An inverter circuit 10 is formed in this embodiment of a PMOS transistor 11 and of an NMOS transistor 12. The gates of transistors 11 and 12 are connected to input E2. The source of PMOS transistor 11 is connected to supply voltage Vdd via a diode 13, for example a diode-assembled PMOS transistor, having its anode connected to voltage Vdd and its cathode connected to the source of PMOS transistor 11. The source of NMOS transistor 12 is connected to supply voltage Gnd via a diode 14, for example, a diode-assembled NMOS transistor having its cathode connected to voltage Gnd and its anode connected to the source of NMOS transistor 12. The output of inverter circuit 10 is connected to the input of an inverter 15 forming a conversion element. The output of inverter 15 is connected to the input of an inverter 16 and to output S2 of the interface circuit. The output of inverter 16 is connected to the output of inverter circuit 10. Inverters 15 and 16 altogether form a storage element. Inverters 15 and 16 are supplied by supply voltages Gnd and Vdd.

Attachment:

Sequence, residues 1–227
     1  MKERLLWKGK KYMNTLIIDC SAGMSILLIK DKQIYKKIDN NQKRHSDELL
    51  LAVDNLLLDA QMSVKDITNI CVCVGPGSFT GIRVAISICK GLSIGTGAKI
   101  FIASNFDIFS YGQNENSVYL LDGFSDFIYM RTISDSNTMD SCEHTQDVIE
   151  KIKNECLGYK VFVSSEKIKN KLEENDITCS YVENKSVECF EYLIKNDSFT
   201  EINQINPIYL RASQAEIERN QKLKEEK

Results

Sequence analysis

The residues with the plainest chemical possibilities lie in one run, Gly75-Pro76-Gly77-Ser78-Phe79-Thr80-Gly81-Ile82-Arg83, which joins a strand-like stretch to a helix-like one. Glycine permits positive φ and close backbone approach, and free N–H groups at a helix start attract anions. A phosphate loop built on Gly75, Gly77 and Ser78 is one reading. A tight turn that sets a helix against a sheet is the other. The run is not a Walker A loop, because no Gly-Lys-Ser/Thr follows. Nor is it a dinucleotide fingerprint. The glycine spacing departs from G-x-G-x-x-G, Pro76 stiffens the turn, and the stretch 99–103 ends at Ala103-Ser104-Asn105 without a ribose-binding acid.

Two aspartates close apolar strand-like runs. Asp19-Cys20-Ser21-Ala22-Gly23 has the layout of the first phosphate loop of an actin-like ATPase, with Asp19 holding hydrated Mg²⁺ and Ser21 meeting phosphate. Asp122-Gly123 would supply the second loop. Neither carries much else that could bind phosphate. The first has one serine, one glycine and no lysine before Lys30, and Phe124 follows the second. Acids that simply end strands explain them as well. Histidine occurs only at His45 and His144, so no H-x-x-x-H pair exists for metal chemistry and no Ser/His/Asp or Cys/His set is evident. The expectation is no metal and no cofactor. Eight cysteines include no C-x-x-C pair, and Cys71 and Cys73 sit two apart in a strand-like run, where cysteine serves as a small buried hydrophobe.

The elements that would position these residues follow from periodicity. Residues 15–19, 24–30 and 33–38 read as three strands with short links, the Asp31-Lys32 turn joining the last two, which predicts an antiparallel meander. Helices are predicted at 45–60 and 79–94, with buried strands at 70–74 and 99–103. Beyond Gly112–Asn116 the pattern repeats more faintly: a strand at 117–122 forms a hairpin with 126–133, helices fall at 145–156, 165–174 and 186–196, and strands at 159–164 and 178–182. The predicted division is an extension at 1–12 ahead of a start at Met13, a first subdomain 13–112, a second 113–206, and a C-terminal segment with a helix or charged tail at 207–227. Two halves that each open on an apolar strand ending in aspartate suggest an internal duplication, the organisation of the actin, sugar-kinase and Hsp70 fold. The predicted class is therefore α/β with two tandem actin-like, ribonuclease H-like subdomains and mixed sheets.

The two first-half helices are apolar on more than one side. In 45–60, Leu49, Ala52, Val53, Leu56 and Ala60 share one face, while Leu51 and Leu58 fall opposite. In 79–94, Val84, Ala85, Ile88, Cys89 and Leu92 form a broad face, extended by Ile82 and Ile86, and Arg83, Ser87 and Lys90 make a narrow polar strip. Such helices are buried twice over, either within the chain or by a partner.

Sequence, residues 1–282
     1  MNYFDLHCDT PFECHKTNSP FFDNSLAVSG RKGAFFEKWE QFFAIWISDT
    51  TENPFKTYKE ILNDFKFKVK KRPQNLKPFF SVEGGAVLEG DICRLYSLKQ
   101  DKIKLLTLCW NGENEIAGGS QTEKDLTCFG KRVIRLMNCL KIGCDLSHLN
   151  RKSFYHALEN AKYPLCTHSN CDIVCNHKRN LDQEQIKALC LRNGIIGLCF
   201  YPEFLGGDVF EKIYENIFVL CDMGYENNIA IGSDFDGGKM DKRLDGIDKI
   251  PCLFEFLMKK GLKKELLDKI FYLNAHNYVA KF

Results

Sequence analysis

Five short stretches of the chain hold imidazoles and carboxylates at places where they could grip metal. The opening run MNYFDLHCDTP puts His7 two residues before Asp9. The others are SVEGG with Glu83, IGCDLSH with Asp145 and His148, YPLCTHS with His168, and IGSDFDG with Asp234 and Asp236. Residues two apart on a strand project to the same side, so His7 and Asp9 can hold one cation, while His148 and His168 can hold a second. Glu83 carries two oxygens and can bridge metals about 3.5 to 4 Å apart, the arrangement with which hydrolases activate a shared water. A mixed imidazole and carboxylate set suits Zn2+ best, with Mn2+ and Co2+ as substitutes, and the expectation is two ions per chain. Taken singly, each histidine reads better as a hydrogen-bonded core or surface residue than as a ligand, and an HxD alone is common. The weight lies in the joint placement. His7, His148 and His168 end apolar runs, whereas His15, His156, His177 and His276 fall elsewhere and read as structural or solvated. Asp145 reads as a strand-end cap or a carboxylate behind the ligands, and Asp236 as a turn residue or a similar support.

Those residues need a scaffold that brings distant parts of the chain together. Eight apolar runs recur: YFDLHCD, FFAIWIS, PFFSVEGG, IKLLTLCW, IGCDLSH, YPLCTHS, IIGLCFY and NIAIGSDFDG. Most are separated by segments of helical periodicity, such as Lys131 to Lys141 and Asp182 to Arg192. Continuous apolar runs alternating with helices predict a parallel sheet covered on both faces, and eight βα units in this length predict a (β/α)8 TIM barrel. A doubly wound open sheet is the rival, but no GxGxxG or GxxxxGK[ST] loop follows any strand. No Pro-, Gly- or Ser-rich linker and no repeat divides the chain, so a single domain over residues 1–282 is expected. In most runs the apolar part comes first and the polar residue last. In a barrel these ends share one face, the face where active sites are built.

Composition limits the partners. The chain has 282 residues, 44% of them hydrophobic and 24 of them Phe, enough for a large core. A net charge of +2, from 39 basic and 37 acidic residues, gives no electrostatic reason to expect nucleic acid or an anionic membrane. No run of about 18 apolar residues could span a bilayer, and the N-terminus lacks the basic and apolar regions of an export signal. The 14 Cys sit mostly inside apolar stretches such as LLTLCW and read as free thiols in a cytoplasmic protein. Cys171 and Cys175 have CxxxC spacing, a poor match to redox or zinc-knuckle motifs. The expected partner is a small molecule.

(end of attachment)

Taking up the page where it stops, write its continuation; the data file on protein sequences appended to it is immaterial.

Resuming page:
When the first signal settles at 0.4V, for example, after a switching from 0.8V to 0.4V, PMOS transistor 11 and diode 13 become conductive. The voltage across diode 13 is equal to 0.4V and the source gate voltage of PMOS transistor 11 is equal to 0.4V. The size of PMOS transistor 11 and the size of diode 13 are provided to be large enough with respect to the size of the NMOS transistor of inverter 16 for the output of inverter circuit 10 to increase to 0.8V corresponding to voltage Vdd minus the threshold voltage of diode 13. Part of the current flowing through PMOS transistor 11 and diode 13 flows through NMOS transistor 12, and the voltage across diode 14 is increasing. The gate-source voltage of NMOS transistor 12 decreases and becomes smaller than its threshold voltage. NMOS transistor 12 then becomes non-conductive. The switching threshold of inverter 15 is provided to be smaller than 0.8V so that inverter 15 switches, as well as inverter 16. The second signal becomes zero and the voltage on the output of inverter circuit 10 rises up to 1.2V. PMOS transistor 11 is conductive and the voltage on the source of PMOS transistor 11 rises up to 1.2V. Diode 13 then is non-conductive.